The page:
One of the country's most treasured documents is about to be moved to a new home amid tight security and secrecy about when exactly the shift takes place.
The 177-year-old Treaty of Waitangi along with the Declaration of Independence of the United Tribes of New Zealand and the Women's Suffrage Petition are being trucked 200m from Archives New Zealand to the National Library.
The chief archivist, Marilyn Little, was organising the move with one aim in mind - to preserve and keep safe New Zealand's founding documents.
"The Waitangi sheet is on parchment. The inks sit on the top - they're not absorbed into the parchment. The inks are cracked and fragile. It's also got a seal that is cracked and parts of that seal have flaked off.
"One of our challenges is to keep the document as stable as possible to make sure they're not jolted, not jerked and there's no vibration as we move them."
Three crates have been especially built to hold the documents. They'll be carried by Archives staff out of the building before being moved by truck down the road to the National Library.
Ms Little has left nothing to chance.
"Every document is going to sit in a specially-made archival box protected by foam. And that box will sit within a crate that's been specially-made surrounded by more foam and the crate is weather-proofed," she said.
"And then should it be raining, each crate has a purpose-built rain coat."
The documents have been housed at Archives for 27 years in a secure room that was not designed to attract lots of visitors. From next month, the documents will be part of a new permanent exhibition at the National Library, He Tohu.
The founding documents will be the centrepiece but there will be the new high-tech features that modern museum goers have come to expect.
Hugh Karena, who is a director of Māori relations and strategy at Internal Affairs, said it was about bringing the treasures to life.
"My hope for the new home of the treaty is that when Māori come there they will see themselves in the exhibition. They see themselves, they see their story.
"And I really want people to come and learn.
"It's interesting too that the Treaty will be diagonally across the road from Parliament so perhaps it will be there reminding Parliament that it exists and it's alive."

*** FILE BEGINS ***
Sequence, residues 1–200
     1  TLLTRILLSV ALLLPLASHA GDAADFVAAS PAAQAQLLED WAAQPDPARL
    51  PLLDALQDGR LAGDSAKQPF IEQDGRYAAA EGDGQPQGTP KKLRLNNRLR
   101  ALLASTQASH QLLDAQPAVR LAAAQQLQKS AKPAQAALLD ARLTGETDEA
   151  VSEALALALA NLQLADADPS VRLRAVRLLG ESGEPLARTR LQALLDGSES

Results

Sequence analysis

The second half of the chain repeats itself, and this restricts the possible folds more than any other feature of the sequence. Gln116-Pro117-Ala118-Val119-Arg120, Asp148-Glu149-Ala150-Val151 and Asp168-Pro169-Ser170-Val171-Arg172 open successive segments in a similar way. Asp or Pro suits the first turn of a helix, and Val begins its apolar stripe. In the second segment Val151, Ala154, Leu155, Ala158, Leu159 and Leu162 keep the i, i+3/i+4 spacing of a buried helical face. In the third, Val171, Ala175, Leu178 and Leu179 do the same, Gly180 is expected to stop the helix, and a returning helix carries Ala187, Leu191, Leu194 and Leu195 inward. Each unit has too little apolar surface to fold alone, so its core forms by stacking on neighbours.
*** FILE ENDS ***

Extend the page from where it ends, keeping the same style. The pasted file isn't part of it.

Over the years there have been calls for the Treaty to go back to where it was first signed, but Mr Karena said showing iwi leaders the state of the Waitangi parchment made it clear that was impossible.
"We could do it but it would kill the documents. We'd get up there and we'd have a goatskin. We wouldn't have a Treaty."
The youngest of the three documents is the 1893 Women's Suffrage Petition, which played a key role in New Zealand becoming the first country where women could vote.
National Council of Women vice-president Vanisa Dhiru, who has been part of the group advising on the move, said the leader of the suffrage movement, Kate Sheppard, would be thrilled to know her petition would have a wider audience.
"Everyone's really excited to ensure that this document is on display to get inspiration from and to really see how democracy worked in the past and how we might be able to use that vitality and inspiration in the future for the things that we want to fight for."
The Archives staff will remain kaitiaki of the documents but they have said their farewells in preparation for the move.
Ms Little had the final say on the timing - she even had MetService teed up to give her updates on the weather.
"It's one of the most complex jobs I've had in the public service but pretty enjoyable because it's a hell of a challenge.
"And at this point we are pretty close to when we move. At this point it's looking good."
The new He Tohu exhibition will be officially opened on 19 May and will open to the public the next day.